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Mahadevi Varma

From Wikipedia, the free encyclopedia

Mahadevi Verma
MahadeviVarmaPic.png
Born(1907-03-26)26 March 1907
Farrukhabad, United Provinces of Agra and Oudh, British India
Died11 September 1987(1987-09-11) (aged 80)
Allahabad, Uttar Pradesh, India
OccupationNovelist, Poet, Short-Story writer
NationalityIndian
Alma materAllahabad University, Sanskrit
Period20th Century
Literary movementChhayavaad
Notable worksYama
Mera Parivaar
Path Ke Saathi
Notable awards1956: Padma Bhushan
1982: Bharatiya Gyanpeeth
1988: Padma Vibhushan
SpouseDr Swarup Narayan Varmaji

Mahadevi Verma (26 March 1907 – 11 September 1987) was a Hindi poet, freedom fighter and educationist from India. She is widely regarded as the "modern Meera".[1] She was a major poet of the "Chhayavaad", a literary movement of romanticism in modern Hindi poetry ranging from 1914–1938[2] and a prominent poet in Hindi Kavi sammelans (Gatherings of poets).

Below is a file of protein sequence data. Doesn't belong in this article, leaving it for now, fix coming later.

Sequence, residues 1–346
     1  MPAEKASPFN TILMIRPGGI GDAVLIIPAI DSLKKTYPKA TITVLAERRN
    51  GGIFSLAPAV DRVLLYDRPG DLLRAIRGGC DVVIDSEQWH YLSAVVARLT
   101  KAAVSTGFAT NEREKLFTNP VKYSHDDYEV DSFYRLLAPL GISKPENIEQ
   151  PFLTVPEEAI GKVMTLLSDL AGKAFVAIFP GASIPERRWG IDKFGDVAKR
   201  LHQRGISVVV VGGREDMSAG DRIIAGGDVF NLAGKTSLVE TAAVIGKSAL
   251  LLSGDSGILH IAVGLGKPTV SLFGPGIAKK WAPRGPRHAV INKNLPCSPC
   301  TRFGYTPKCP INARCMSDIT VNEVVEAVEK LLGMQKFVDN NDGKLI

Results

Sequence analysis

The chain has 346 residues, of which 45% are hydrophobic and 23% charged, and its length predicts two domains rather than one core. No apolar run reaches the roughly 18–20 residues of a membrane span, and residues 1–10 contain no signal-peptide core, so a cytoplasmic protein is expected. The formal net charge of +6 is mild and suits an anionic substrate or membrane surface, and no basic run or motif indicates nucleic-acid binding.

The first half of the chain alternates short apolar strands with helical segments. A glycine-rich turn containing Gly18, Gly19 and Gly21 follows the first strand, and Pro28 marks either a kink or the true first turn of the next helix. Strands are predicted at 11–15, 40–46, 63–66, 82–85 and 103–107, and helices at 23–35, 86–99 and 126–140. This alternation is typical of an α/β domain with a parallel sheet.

She was the Principal, and then the Vice-Chancellor of Prayag Mahila Vidyapeeth, a woman's residential college in Allahabad.[3]

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  • ✪ महादेवी वर्मा का जीवन परिचय Mahadevi Verma Biography in Hindi
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Transcription

Contents

Life

Early life and education

Mahadevi Verma was born on 26 March 1907 in Farrukhabad.[4] her education was at Crossthwaite Girls' School in Allahabad.[5] At this school, she met fellow student Subhadra Kumari Chauhan, who would later go on to become a prominent Hindi writer and poet, like Verma herself.[5]